Everything Under: writing as a journey through the folds of memory. An interview with Daisy Johnson

During Più Libri Più Liberi, the renowned Rome’s book fair, the staff of The Serendipity Periodical had the possibility to interview one of the most important writer of our time: Daisy Johnson.

She was already known as short story writer, but now she has entered in the contemporary literary scene with her first novel ‘Everything Under’ which was nominated for the Man Booker Prize.

After reading the book, we have asked a couple of questions to the author in order to understand better the most tangled knots of her plot.

So, let’s start together this trip through the folds of memory of her characters.

 

Fiera del Libro di Roma, Daisy Johnson – foto di Claudio O. Menafra
1. What is the meaning of the sexual ambiguity of some characters in your story? You said that the novel ‘Everything Under’ is a modern reinterpretation of the Oedipus myth, so can we say that this ambiguity is a modernization of the classic tale?

Yes, for a number of reasons. Firstly, there is in the myth itself the topic of the identity change and this is one of the things I always loved about it. This element is what I wanted to steal from the Oedipus story and use it in different ways.

On the other hand, my novel also is really a story about mistaken identity and it became very clear as I was writing it: the need to create a degree of difference between the characters.

I always think that the main changing character, Margot, is very innocent, very naïf, and she feels very nervous about her being in the world in a way that never happened before.

Margot/Marcus decided to change gender as a protection, they feel so very endangered. There are characters in the story we can call ‘trans’, but they would not understand this word or the other ways we usually describe them.

 

2. So, we are in the context of the myth and there is somehow an anachronistic message: fatalism. How fatalism can be seen in our contemporary time, where we all talk about freedom, especially for women?

Yes, interesting. It was a challenge because the myth belongs very much of its era and its cultural location. I don’t believe in faith, but I think, I do, believe that the things happened to you will cause other things that will happen in the future. Moreover, the language you speak makes you in the way you are and so makes you do something. This is another reason why Margot/Marcus are the way they are, they need to be quite innocent and quite naïf and they need to believe this. They believe completely in faith and in the things that will happen, but they must continue to fight very hard again and again to be the person they are.

 

3. At the beginning of the novel, Gretel and Sara lived apart from the rest of the society, is this being outsiders that enables Sarah to see her maternity as an unnatural thing?

I think she always feels the maternity in that way, it’s just something she believes: having children has to do with the sex identity of the women in the society, but this lack of maternity makes her feel very strongly. Potentially Sarah can leave her children on the river every time she comes feel maternal but I also wanted she were in the way she is, that is un-maternal and a very bad mother in a lot of ways, because I think that we live, as women, a very complicated relationship with what means to be a mother and the person we are at the same time.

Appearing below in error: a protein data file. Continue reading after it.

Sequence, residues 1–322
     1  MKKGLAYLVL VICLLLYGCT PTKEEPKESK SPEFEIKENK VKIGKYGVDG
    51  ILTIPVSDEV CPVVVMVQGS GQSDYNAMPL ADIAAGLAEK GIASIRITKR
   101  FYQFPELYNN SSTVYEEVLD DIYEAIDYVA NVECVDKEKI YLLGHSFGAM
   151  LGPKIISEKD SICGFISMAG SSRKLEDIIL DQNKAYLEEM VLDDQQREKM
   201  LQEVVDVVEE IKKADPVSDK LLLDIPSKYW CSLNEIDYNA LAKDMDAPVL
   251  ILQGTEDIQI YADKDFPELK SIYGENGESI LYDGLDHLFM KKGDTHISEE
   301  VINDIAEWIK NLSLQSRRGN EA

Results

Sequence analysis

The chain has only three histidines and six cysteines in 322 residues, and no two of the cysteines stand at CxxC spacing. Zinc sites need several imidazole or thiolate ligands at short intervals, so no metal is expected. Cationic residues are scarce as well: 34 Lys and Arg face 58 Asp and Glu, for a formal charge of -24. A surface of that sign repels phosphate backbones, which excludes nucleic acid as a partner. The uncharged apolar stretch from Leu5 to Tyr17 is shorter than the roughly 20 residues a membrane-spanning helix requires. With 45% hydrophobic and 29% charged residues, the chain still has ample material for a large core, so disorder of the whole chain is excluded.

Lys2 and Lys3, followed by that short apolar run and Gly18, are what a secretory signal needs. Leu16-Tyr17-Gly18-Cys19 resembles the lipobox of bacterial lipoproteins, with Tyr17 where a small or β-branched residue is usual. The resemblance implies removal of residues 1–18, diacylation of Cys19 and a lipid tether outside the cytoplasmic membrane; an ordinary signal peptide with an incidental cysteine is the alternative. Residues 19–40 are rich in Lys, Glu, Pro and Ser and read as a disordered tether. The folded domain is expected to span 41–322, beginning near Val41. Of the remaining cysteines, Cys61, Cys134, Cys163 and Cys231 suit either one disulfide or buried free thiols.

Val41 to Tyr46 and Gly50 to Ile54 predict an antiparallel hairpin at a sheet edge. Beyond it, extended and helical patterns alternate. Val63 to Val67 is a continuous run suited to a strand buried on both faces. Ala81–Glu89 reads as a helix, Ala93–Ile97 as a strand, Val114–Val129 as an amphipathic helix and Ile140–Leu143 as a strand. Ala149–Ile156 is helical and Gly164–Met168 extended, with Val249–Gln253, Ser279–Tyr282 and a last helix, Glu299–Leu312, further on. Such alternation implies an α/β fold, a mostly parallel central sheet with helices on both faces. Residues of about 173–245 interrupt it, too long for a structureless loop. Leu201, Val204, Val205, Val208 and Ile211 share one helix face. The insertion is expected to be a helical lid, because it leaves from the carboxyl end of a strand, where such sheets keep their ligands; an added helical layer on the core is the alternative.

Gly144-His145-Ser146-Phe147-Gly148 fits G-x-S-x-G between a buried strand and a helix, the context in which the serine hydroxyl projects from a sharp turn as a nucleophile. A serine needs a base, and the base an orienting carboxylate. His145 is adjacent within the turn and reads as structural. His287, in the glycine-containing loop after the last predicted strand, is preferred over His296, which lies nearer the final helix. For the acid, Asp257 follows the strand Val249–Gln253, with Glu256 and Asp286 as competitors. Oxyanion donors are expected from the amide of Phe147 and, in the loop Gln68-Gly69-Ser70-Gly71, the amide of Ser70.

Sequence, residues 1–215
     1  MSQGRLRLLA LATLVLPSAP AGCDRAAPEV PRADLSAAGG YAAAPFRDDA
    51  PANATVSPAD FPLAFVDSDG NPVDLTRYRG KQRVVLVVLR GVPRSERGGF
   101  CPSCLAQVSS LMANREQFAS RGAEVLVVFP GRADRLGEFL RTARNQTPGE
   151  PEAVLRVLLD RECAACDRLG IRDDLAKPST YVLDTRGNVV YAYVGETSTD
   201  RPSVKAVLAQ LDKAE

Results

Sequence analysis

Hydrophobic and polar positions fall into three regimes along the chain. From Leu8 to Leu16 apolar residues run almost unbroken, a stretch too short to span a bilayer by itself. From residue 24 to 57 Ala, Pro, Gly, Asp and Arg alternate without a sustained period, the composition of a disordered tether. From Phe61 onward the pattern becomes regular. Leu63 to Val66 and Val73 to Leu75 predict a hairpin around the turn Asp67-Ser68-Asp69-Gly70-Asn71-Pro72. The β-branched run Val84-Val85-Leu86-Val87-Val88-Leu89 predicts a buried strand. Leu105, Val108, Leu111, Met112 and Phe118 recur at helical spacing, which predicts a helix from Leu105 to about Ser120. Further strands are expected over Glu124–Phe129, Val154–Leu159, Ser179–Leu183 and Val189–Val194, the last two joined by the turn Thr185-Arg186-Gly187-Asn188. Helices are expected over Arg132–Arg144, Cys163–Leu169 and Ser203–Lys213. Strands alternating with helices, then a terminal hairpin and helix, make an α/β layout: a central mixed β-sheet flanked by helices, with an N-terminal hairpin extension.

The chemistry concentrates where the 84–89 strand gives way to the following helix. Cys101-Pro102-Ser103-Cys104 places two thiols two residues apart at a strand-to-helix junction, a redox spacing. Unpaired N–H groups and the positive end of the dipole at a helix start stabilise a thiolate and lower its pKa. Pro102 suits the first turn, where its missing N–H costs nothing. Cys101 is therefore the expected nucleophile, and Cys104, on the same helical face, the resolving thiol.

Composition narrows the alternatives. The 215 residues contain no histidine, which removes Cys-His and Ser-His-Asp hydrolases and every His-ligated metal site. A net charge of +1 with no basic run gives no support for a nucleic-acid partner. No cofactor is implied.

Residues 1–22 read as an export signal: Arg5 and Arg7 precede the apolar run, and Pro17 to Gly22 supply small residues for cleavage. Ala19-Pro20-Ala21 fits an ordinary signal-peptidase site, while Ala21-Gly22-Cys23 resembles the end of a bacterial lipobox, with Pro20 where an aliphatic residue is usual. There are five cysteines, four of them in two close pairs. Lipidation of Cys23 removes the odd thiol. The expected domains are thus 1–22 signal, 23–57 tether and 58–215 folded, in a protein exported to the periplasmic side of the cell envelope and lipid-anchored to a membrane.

When Sarah and Gretel lived in the place near the river, she tried very hard to be a mother, but she is unable to do that; she represents the contrast between person and motherhood. This fact is the reason why Gretel is asexual in many ways, she will never have children or a relationship.

 

4. The imagine of water is obsessing in your book, and this water is populated by many creatures, not only the Bonak but other monsters or scary creatures. Is this water a representation of the subconscious and of the sense of guilt that is haunting the characters all along the novel?

I very much wanted into the book giving the idea that the Bonak is a monster, but it really represents a lot of things. It is also something in the water and all the characters are afraid of it. I think the Bonak and the water represent what is psychologically denied and gradually, through the book, what is denied begins to emerge from the water, from the ground; but everything is here around the water and connected with the water.

In ‘Everything Under’ in fact everything is in floats, everything is moving, gender is flexible, memory is fluctuating and the water carries a lot of those things along and represents them.

 

5. In the book, there is a lot of talking about memory and how memory is not faithful about the facts. If its role is not to bring the facts back to the truth, what is the meaning and the role of memory?

What I really wanted to explore was the process of repeated memories that come back again and again, especially Gretel’s memories of what happened on the rivers that night. She trusts them less and less because she begins to realize that she was only a child in another kind of situation in that time; then she became a woman with another perception of the life.

Memory gave me the entire structure of the book; all the book is based on a chronological structure with changing of time and situation. That is the same way we think, we all think out of order, illogically, obsessively, and so the things begin to change in our mind. I wanted to give place at this sense of great confusion that is what the characters always feel in the book; memory is what makes them confused and by the end of the book maybe they can understand memory is also the only one can solve them anyway.

 

 

Interview of

Claudio O. Menafra

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